Amanda Crew is an actress, activist, and eating disorder survivor. She’s graced the screens of numerous television shows and movies and is best known as the female lead in the HBO series Silicon Valley.
She also sits on the board of Project Heal. She’s passionate about using her voice to campaign for equity and accessibility in eating disorder care. Amanda is spreading the message that eating disorders affect people of all ethnicities, genders, and body sizes – and ALL are deserving of care.
On a recent episode of The Recovery Warrior Shows, Amanda shared her story and discussed the importance of being a responsible recovery advocate as a thin white woman.
Amanda Crew’s Eating Disorder Journey
After struggling with disordered eating for many years, things intensified for Amanda in the late 2000’s. She moved from Canada to Los Angeles to work as an actress where she was submerged in the Hollywood culture that focuses on appearance and dieting. She then found herself over-exercising, and under-eating on a regular basis.
Despite this, Amanda didn’t even realize she was struggling. She had a limited understanding of eating disorders, and thought you only had one if you had to be put on a feeding tube. But her experience, like most people with eating disorders, didn’t match this description.
I didn’t think I had an eating disorder because I was still eating. I just thought I was good at dieting.
One day while hiking, Amanda was so low on energy that she tripped and fractured her knee. This accident was a wake-up call, forcing her to confront the feelings and thoughts she’d been numbing with her eating disorder. It was a moment of truth, and she started to make changes.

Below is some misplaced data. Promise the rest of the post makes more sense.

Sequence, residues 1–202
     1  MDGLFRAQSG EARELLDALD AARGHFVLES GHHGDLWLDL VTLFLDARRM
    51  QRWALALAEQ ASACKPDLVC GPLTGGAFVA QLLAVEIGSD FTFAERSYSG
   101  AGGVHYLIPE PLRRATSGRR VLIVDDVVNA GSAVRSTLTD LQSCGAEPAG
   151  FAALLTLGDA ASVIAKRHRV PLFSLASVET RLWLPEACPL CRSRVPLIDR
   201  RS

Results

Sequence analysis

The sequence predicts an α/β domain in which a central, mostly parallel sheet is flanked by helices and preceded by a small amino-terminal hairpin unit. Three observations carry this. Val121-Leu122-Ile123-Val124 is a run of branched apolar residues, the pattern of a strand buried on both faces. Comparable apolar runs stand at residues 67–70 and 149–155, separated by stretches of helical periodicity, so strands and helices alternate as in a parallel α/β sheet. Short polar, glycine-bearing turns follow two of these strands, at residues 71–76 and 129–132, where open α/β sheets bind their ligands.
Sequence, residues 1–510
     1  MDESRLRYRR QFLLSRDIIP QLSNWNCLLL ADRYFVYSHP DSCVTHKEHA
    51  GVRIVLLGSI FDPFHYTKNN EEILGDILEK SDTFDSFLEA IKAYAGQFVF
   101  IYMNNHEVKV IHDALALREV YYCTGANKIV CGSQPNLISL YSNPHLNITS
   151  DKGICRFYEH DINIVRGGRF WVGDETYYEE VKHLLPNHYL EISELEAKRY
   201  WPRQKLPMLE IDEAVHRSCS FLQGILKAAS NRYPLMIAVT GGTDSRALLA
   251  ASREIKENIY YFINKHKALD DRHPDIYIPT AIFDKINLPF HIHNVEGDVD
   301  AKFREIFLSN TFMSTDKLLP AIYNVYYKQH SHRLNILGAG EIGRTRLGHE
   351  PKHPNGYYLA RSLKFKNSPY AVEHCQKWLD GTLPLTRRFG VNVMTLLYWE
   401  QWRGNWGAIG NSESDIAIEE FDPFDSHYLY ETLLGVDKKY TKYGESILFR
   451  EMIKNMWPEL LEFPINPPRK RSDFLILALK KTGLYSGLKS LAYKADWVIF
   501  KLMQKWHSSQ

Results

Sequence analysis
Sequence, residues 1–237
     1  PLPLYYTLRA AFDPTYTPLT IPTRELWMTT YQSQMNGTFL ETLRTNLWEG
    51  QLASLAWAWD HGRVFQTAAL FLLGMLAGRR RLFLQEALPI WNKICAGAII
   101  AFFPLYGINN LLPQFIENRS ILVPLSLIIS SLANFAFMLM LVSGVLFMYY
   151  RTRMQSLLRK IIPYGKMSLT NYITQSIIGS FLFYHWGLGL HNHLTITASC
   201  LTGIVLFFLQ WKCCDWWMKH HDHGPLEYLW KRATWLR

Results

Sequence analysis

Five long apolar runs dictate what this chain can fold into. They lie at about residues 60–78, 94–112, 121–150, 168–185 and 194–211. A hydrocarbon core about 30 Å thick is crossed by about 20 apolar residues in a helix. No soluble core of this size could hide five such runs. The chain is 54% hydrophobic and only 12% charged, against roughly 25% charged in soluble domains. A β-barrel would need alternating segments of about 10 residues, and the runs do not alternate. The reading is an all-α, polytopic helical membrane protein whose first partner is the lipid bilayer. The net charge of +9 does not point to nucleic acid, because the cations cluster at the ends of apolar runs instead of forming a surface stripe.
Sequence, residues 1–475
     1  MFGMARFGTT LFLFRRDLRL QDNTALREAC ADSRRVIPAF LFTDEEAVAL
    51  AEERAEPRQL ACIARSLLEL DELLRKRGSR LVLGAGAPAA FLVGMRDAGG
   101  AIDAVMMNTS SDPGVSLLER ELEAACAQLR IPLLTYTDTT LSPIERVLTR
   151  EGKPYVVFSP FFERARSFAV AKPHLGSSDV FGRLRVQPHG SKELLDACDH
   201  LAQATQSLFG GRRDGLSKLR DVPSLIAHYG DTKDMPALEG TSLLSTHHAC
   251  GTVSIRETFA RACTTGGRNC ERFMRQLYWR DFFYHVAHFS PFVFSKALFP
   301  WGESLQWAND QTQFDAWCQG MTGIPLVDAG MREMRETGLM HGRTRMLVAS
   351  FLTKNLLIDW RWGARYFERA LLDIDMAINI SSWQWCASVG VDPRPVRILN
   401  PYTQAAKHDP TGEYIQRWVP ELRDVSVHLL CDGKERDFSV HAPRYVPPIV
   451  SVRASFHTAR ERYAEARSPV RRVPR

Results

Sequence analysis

Eating Disorder Advocacy
After many years in recovery, Amanda Crew joined the board of Project Heal in 2017. She’s now committed to using her celebrity platform to share her story to help others. Amanda feels a responsibility to show up ethically as a thin, white, cis woman in the eating disorder world, where so many voices are silenced for not fitting this stereotype.
She credits much of her learning in this area to Dr. Rosales Meza, who has helped her confront the behaviors, mindsets, and qualities of white supremacy both inside and outside the eating disorder world. Amanda also stresses the importance of naming and paying the people she learns from. She wants to avoid perpetuating the cycle of extracting information from marginalized identities, and pushing them out of the narrative.
Anything I’ve learned about showing up ethically and responsibly as a thin white woman, I learned from a woman of color.
Amanda acknowledges that like recovery, being a responsible advocate is a learning journey. Though she’s made mistakes (and expects to make more), she promises to always hold herself accountable and keep improving. Amanda feels that reckoning with an internalized white colonial mindset is some of the most challenging and rewarding work she’s ever done.
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